“Safeguarding sensitive company and client information is crucial to every organization’s success. However, data privacy requirements differ around the world and across industries, so when it comes to data protection, organizations need to understand what they are legally obligated to do. For instance, the U.S. government is cracking down on security precautions given that several federal agencies and corporations were compromised by the 2020 SolarWinds cyberattack. In response, the White House is requiring federal agencies to get letters from vendors about all software used by September 2023. In the next few months, business leaders must gain comprehensive insight across their active software inventory and entire technology estate, allowing them to shore up their security vulnerabilities and protect their data privacy in the long term. Yet, this is an impossible job without automation.
In 2023, automation will be the cornerstone to effective data protection, especially as the cybersecurity industry is shrinking. Isolationist government policies, financial impacts of the recession, an increasingly malicious threat landscape and other contributing factors have created a widening technical skills gap and security vulnerabilities, forcing security teams to take on the same volume of work with fewer resources, less historical knowledge, and higher stakes. This means organizations need machines to pick up the manual task slack to support employees - and ultimately, data privacy - through automation. Moving forward, the need for technology intelligence will grow as organizations require platforms and services to ensure the security posture is up-to-par and a holistic view of the technology estate is achieved.”

Will Bass, Vice President, Cybersecurity Services at Flexential

“Data is integral to business operations and success – and it should be housed with utmost care and concern. When handled improperly, disasters happen, like the tragic disclosure of highly personal tax records. To mitigate this type of reputation-shattering, budget-crushing event, organizations need preventive processes, procedures, and technologies in place. The initial steps to be taken include: (1) understand the data you have on hand and where it lives, (2) delete data you don’t need, especially sensitive data such as personal information, and (3) safeguard sensitive data via reliable methods like Zero Trust. While boiling down the critical steps to data privacy appears simple, there are many intricacies that require substantial time, resources, and continuous learning, like the rise of data privacy laws.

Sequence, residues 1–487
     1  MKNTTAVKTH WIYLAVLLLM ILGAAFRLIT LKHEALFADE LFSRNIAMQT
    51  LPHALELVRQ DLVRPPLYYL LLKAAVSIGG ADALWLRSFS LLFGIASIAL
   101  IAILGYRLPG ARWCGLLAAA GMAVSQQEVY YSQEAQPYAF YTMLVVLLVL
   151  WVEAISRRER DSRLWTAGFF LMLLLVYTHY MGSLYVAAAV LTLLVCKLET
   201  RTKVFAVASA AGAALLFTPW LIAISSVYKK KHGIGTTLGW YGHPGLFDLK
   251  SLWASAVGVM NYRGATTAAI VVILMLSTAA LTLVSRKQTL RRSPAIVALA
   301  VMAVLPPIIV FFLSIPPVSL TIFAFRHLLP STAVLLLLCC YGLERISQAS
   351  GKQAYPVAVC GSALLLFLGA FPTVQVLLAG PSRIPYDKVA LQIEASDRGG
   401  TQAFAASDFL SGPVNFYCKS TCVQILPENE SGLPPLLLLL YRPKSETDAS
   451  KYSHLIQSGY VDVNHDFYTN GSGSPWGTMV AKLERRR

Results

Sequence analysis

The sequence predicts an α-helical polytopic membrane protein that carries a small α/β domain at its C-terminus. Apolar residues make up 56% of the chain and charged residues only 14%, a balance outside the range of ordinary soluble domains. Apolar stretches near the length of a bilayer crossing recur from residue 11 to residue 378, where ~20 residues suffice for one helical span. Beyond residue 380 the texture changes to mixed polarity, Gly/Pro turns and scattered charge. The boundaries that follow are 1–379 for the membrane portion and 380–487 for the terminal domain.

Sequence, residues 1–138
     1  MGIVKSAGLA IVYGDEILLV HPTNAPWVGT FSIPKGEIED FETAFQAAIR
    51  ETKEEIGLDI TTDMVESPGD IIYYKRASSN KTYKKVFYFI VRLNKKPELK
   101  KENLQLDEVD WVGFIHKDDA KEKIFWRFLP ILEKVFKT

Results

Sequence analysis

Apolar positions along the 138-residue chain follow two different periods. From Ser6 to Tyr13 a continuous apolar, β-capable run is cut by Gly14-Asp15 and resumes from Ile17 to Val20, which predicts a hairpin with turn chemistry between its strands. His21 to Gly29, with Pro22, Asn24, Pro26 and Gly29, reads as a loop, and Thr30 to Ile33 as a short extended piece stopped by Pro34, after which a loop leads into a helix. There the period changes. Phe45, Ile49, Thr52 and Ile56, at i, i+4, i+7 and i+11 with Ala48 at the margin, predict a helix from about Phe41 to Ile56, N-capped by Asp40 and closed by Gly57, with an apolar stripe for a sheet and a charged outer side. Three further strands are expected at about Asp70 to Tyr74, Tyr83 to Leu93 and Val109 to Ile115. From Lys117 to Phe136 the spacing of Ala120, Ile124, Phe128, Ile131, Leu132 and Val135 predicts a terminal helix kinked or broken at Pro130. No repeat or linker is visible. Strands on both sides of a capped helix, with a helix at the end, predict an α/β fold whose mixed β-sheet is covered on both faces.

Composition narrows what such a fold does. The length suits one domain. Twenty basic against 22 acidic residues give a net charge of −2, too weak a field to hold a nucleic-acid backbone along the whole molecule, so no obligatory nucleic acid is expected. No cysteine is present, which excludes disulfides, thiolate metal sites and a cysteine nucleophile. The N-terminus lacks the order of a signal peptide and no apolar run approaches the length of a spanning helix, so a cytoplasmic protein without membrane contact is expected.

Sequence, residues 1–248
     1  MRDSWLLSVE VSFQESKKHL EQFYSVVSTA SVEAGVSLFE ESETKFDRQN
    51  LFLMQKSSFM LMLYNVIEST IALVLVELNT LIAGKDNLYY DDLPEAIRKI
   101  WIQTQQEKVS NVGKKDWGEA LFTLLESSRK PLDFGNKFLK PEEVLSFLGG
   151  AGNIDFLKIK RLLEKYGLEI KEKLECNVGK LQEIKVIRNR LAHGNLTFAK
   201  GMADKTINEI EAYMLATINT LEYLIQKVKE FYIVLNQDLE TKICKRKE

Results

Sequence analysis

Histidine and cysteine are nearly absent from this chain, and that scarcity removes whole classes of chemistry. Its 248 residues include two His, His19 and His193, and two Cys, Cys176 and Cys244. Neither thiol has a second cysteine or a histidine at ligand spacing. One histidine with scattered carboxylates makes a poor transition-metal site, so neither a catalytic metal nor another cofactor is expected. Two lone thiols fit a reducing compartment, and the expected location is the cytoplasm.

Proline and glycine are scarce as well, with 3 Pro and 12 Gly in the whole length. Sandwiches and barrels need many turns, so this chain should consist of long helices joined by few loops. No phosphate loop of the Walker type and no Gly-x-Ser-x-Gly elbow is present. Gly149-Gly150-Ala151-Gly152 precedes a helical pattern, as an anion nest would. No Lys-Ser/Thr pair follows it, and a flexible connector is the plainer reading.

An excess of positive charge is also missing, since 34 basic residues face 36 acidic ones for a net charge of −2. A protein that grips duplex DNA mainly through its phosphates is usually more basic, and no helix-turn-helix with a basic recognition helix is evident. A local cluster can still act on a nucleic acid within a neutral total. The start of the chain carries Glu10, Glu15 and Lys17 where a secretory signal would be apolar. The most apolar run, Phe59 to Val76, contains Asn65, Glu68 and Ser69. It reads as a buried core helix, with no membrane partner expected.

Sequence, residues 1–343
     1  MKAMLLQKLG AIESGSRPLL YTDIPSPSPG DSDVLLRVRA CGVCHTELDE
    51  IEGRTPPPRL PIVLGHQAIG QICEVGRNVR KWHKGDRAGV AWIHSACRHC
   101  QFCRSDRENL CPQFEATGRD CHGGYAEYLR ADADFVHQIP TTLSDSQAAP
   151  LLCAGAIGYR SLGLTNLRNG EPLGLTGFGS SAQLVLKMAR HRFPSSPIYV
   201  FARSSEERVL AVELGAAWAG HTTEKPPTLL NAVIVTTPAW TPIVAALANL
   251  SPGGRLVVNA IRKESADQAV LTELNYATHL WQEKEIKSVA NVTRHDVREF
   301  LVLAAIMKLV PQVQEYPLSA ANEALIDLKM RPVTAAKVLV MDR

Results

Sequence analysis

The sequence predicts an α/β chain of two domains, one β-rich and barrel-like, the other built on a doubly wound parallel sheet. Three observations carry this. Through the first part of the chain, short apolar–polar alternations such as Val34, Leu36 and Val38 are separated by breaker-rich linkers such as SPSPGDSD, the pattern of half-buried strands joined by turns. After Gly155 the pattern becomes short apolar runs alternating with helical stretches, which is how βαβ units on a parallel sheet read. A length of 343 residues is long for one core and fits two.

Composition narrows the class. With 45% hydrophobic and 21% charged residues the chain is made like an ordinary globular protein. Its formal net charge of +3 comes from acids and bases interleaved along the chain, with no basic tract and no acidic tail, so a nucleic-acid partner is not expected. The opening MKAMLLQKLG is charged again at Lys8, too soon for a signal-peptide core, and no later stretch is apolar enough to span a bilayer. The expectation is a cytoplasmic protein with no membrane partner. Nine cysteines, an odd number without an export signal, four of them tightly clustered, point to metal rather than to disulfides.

Many states - like Virginia and California - have distinct privacy rules and regulations when it comes to data collection and processing and staying abreast of the laws is a nearly impossible task without well-versed expertise and tools. As U.S. state privacy laws and cyber threats continue to evolve in 2023, it’s vital for privacy leaders to be plugged into the changing landscape and pivot their business practices accordingly. Protecting data can be complicated but proactivity and adjustability are paramount to properly securing sensitive information.”


Dharma Kuthanur, Vice President Marketing at Informatica
"There will absolutely be heightened awareness around data privacy and appropriate data governance as we move throughout 2023. The continued proliferation of enterprise data in both volume and complexity, along with greater cloud migration and seemingly more brazen attempts from bad actors to access it, means customers will rightfully seek assurances their personal information is collected, accessed, stored, and protected appropriately.